By Chinedu Ezeh and Dele Ogbodo in Abuja
Faulty Instrument Landing System (ILS), which led to total blackout on the runway yesterday evening at the Nnamdi Azikiwe International Airport NAIA, Abuja, grounded flight activities from and into the airport.
While hundreds of passengers were still stranded at the airport as at 8 pm, THISDAY can confirmed that flights bound to land at the airport are making efforts to land at the Minna or other neighbouring airports closest to Abuja.
The several incidents of lack of power at the airport has been source of concern to aviation watchers.
A FAAN official who spoke on telephone to our correspondent on condition of anonymity said the airport is thrown into confusion because of the ILS which usually produce lights for plane to land. He added that the decision of the pilots not to land was the best thing to do as an attempt could be catastrophic.
Efforts to reach FAAN’s Spokesperson, Mrs. Henrietta Yakubu proved abortive as her phone was not connecting as at press time.
However the faulty ILS was rectified at 9pm, which paved way for incoming Aero and Arik flights to safely land while Azman airline was also able to take off without hitch.
Passengers who spoke though declined to mention their names commended pilots for taking safety precautions not to land in such hazy atmosphere.
In the aviation industry there is what is called redundancy for safety critical equipment both on the ground and in the aircraft.
What this means is that when there is a failure of equipment, there is alternative that will sustain the operation.
So the runway lighting should have alternatives so that when the main system is down, FAAN will trigger the redundancy system.
THISDAY learnt that four aircraft of Arik Air, one Medview Airline and others were on the ground, while two Arik flights were in the air when the airfield lighting went off for about two hours.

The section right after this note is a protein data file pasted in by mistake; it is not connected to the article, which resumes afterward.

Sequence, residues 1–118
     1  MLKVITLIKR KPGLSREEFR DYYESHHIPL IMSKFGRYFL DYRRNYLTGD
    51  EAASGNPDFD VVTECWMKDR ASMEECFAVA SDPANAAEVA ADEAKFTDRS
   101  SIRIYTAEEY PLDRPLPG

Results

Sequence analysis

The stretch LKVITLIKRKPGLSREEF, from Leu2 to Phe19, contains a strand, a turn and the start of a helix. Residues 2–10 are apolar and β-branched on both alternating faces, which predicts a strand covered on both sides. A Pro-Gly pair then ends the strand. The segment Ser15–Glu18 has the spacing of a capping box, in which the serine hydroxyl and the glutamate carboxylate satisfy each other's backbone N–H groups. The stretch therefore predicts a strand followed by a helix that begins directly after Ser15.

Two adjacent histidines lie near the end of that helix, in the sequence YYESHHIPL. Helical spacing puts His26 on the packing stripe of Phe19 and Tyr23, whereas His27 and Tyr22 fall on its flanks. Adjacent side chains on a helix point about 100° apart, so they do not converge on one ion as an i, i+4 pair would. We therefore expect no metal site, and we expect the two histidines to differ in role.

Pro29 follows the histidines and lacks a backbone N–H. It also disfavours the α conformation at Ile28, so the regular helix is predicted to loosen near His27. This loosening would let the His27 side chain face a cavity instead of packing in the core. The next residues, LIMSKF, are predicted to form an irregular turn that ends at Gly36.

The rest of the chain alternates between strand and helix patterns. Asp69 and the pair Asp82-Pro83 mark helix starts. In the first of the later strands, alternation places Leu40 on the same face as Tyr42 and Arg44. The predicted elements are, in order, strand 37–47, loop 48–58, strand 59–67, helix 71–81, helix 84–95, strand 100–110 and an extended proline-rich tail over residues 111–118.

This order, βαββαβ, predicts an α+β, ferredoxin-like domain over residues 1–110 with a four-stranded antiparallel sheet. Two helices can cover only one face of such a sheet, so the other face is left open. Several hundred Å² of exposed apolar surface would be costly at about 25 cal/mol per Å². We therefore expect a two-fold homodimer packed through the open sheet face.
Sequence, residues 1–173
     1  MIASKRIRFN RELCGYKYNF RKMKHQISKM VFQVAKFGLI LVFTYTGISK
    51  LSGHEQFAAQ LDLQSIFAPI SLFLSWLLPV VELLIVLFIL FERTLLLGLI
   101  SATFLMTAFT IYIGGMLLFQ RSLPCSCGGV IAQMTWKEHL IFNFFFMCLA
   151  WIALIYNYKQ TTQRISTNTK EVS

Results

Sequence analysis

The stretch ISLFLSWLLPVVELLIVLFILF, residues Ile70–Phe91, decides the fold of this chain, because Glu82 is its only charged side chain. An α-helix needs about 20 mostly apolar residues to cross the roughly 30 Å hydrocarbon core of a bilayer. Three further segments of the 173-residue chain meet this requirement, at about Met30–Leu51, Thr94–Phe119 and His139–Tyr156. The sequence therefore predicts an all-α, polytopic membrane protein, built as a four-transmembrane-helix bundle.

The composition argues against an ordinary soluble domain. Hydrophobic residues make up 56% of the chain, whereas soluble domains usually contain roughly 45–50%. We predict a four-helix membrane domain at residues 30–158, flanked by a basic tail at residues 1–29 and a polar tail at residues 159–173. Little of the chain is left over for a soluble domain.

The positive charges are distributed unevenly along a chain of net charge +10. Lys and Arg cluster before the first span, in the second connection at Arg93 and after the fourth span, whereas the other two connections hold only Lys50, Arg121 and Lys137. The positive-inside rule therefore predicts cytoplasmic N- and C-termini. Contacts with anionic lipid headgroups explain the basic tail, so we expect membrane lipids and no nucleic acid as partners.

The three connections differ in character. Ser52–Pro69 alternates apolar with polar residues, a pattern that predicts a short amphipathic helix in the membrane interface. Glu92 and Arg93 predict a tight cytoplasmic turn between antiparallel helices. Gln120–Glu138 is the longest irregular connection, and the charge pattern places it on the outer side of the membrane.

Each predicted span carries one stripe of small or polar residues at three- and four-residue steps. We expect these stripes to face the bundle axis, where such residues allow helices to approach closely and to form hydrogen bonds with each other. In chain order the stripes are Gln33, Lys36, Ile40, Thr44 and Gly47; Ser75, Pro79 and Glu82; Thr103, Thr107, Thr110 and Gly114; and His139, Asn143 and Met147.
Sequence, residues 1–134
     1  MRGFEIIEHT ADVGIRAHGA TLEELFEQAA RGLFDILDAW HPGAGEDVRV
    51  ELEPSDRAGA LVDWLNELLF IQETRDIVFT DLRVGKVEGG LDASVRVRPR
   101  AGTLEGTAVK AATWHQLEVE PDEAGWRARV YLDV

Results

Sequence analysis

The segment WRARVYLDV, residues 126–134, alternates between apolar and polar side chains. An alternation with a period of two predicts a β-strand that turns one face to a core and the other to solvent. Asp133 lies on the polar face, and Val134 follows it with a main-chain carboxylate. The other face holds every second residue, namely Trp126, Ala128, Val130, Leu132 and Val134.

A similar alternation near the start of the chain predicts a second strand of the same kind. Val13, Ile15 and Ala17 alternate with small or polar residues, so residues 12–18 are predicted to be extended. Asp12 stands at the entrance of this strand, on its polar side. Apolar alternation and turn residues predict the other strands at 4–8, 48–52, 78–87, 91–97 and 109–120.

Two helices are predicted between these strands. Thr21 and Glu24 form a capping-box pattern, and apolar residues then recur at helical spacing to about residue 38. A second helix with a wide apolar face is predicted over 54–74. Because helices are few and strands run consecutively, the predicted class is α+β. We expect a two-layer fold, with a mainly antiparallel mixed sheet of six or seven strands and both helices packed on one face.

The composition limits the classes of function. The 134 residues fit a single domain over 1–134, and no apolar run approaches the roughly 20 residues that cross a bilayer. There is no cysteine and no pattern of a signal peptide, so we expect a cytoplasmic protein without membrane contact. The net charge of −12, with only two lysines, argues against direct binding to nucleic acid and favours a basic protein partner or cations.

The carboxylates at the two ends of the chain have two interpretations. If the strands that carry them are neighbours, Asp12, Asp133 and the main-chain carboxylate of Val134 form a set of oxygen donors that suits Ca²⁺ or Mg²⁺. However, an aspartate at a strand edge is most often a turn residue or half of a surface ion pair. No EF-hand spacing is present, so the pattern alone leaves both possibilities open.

A pilot told THISDAY that it would have been very critical if any of the aircraft in the situation had exhausted its fuel while waiting for the lights to be restored.
Industry experts said airfield lighting outage was very dangerous, especially in the night because it could lead to air crash and on the economic side, airlines would lose so much money on fuel, which exorbitant prices in Nigeria has already eroded the cost of operation for domestic carriers.
About two years ago there were frequent power outage on the runway lighting that the system was rehabilitated with assurance that it would not happen again.
Besides, it was expected that FAAN would have installed redundancies and at the event of cable breakdown which would cut off the lighting system, the redundancies would be triggered to provide lighting for flights to land and take off.
The consequence of the outages is the downgrading of the Abuja airport, which has been having technical challenges on its runway for several years, from undulating and poorly lighted runway to poor marking which leave pilots guessing at touch down.
It is hoped that the International Civil Aviation Orgaisation (ICAO) would not downgrade the airport to category 3 having recorded such protracted technical challenges.
Few months ago the same ICAO audited the airport and gave Nigeria a pass mark, but airside infrastructure are very critical for safe landing and take-off of flights.